Matthew Griffin, described as “The Adviser behind the Advisers” and a “Young Kurzweil,” is the founder and CEO of the 311 Institute, a global futures think tank working between the dates of 2020 to 2070, and is an award winning futurist, and author of “Codex of the Future.” Regularly featured in the global media, including AP, BBC, CNBC, Discovery, RT, and Viacom, Matthew’s ability to identify, track, and explain the impacts of hundreds of revolutionary emerging technologies on global culture, industry and society, is unparalleled. Recognised for the past six years as one of the world’s foremost futurists, innovation and strategy experts Matthew is an international speaker who helps governments, investors, multi-nationals and regulators around the world envision, build and lead an inclusive, sustainable future. A rare talent Matthew’s recent work includes mentoring several Education and Lunar XPrize teams, building the first generation of biological computers and re-envisioning global education with the G20, and helping the world’s largest conglomerates ideate the next 20 years of intelligent devices and machines. Matthew's clients include three Prime Ministers and several governments, including the G7, Accenture, Bain & Co, BCG, BOA, Blackrock, Bentley, Credit Suisse, Dell EMC, Dentons, Deloitte, Du Pont, E&Y, HPE, Huawei, JPMorgan Chase, KPMG, McKinsey, PWC, Qualcomm, SAP, Samsung, Sopra Steria, UBS, and many more.
WHY THIS MATTERS IN BRIEF
As our skies increasingly fill up with swarming drones we need ways to monitor and manage our airspaces.
Amid the rise of drones, or small Unmanned Aerial Systems (UAS), DARPA, the Pentagon’s research arm, is developing technology to provide persistent, wide-area surveillance of all UAS operating below 1,000 feet in a large city.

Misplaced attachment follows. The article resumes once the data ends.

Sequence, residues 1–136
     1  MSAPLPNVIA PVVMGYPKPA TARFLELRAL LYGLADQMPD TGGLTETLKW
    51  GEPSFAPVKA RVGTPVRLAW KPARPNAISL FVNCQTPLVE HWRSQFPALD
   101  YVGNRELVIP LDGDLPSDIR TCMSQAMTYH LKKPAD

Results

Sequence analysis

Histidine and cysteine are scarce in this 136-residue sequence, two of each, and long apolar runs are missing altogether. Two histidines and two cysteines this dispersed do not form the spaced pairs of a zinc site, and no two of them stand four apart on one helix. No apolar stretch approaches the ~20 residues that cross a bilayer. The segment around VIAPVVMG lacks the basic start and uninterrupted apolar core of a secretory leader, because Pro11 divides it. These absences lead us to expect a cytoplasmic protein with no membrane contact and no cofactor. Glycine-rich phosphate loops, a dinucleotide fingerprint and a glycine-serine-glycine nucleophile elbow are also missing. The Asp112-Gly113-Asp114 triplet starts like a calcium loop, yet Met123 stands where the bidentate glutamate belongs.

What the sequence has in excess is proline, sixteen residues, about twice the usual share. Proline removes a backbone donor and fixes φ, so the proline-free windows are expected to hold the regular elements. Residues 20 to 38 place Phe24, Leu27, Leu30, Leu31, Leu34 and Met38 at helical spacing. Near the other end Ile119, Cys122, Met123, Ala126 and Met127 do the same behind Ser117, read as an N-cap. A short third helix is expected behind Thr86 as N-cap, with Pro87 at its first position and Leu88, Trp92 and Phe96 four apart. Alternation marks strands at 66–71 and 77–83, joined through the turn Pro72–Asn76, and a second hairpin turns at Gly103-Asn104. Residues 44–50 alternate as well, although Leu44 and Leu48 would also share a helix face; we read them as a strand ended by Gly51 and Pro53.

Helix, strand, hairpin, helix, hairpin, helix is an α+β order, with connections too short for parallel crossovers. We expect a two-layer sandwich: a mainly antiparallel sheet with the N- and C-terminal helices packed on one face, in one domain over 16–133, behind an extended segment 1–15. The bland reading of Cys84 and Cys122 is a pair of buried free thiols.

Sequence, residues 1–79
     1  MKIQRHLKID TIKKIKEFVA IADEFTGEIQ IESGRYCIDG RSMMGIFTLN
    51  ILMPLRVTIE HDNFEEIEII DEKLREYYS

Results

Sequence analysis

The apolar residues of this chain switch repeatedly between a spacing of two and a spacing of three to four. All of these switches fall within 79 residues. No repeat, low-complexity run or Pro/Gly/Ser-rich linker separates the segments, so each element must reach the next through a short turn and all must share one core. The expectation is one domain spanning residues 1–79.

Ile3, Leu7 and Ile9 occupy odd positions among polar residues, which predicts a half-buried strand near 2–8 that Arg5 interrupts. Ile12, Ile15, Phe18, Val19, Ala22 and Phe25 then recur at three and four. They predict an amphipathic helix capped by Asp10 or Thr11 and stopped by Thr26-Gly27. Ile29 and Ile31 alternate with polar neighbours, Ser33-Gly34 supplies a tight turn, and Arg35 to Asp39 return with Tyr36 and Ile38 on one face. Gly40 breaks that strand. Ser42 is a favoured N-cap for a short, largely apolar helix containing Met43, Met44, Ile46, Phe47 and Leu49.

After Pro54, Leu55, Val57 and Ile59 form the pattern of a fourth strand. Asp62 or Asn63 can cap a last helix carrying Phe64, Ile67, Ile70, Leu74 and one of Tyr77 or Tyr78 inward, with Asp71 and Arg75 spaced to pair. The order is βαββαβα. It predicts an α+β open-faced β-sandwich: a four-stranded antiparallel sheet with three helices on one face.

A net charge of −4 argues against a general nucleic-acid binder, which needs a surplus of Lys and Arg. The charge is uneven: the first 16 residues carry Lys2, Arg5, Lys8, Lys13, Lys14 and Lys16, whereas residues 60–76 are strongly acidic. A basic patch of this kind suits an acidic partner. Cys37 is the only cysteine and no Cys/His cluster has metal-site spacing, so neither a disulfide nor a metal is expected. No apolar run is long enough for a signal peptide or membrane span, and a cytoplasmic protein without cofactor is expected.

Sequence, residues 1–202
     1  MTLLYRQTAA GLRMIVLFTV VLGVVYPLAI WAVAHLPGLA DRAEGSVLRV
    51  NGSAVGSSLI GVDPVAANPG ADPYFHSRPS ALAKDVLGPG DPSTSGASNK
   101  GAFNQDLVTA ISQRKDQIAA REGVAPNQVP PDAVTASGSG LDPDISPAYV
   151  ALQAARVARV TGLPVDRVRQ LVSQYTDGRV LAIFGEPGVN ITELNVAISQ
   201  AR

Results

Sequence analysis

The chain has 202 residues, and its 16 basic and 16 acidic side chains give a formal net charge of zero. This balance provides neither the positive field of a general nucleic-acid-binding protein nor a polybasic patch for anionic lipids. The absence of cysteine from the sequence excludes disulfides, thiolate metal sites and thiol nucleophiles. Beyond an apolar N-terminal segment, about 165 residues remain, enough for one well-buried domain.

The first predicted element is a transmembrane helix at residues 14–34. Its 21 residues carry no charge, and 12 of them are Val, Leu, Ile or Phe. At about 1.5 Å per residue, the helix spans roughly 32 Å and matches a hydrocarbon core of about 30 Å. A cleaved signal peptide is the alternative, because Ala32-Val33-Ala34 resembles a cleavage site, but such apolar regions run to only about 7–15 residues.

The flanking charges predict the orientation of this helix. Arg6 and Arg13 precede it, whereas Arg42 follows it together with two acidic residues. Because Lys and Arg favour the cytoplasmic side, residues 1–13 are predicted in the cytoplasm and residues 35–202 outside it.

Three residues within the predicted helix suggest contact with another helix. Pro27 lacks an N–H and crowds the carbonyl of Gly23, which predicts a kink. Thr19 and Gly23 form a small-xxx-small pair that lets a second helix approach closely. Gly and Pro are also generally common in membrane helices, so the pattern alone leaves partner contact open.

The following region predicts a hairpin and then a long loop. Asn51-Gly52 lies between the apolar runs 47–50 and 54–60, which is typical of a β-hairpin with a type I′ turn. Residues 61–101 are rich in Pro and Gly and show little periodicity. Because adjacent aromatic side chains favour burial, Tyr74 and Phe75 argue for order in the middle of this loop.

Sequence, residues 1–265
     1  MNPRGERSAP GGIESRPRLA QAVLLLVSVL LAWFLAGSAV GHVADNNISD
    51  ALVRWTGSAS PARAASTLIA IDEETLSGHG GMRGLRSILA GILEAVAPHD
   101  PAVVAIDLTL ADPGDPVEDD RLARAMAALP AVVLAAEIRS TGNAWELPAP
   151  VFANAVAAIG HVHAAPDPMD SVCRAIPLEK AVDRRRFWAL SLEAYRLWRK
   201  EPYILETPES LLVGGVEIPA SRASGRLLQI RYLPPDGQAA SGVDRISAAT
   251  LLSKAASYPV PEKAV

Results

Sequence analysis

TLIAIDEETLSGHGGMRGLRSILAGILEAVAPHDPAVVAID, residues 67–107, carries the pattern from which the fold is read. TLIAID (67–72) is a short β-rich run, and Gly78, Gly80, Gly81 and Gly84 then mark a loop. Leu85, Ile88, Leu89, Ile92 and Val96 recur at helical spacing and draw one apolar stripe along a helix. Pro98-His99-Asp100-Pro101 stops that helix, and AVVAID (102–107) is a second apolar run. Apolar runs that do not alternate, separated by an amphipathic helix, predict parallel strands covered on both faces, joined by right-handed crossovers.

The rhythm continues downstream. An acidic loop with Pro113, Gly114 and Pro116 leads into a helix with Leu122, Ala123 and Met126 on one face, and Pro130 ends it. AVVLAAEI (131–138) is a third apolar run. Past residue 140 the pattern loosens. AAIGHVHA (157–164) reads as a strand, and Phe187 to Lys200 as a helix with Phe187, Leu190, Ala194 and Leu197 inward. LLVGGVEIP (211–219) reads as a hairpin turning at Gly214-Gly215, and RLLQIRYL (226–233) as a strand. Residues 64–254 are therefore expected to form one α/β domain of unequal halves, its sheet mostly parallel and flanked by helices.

The program, known as Aerial Dragnet, is a new effort by the the Defense Advanced Research Projects Agency (DARPA) to track and counter small unmanned drones used in crowded urban areas. Though the program is targeted to aid US military forces’ ability to “detect and identify such craft,” the agency indicated last week that the technology will be used in the US.
“While Aerial Dragnet’s focus is on protecting military troops operating in urban settings overseas, the system could ultimately find civilian application to help protect US metropolitan areas from UAS enabled terrorist threats,” DARPA said in its announcement of the program.
On September 26, DARPA will hold a “Proposers Day” at the DARPA Conference Center in Arlington, Virginia, to facilitate discussion, information, and solicitation development among researchers interested in the program.
DARPA says Aerial Dragnet will basically be modelled on the air-traffic control system used in the US to track and monitor thousands of airplane flights each day.
“Commercial websites currently exist that display in real time the tracks of relatively high and fast aircraft – from small general aviation planes to large airliners – all overlaid on geographical maps as they fly around the country and the world,” said Jeff Krolik, a DARPA program manager.
“We want a similar capability for identifying and tracking slower, low-flying unmanned aerial systems, particularly in urban environments.”
Understanding that UAS technology is increasingly affordable and widely available, and that “several systems are being developed for tracking small UAS,” DARPA said urban environments are unique and deserve novel approaches that could offer non-line-of-sight tracking and advanced identification techniques.
For Aerial Dragnet, DARPA “envisions a network of surveillance nodes, each providing coverage of a neighborhood-sized urban area, perhaps mounted on tethered or long-endurance UAS. Using sensor technologies that can look over and between buildings, the surveillance nodes would maintain UAS tracks even when the craft disappear from sight around corners or behind objects.”
The system would produce consistent updates of a low-level airspace’s common operational picture, known as COP to DARPA. The data would then be “disseminated electronically to authorized users via secure data links.”
For the program, DARPA is seeking experts in sensors, signal processing, and networked autonomy.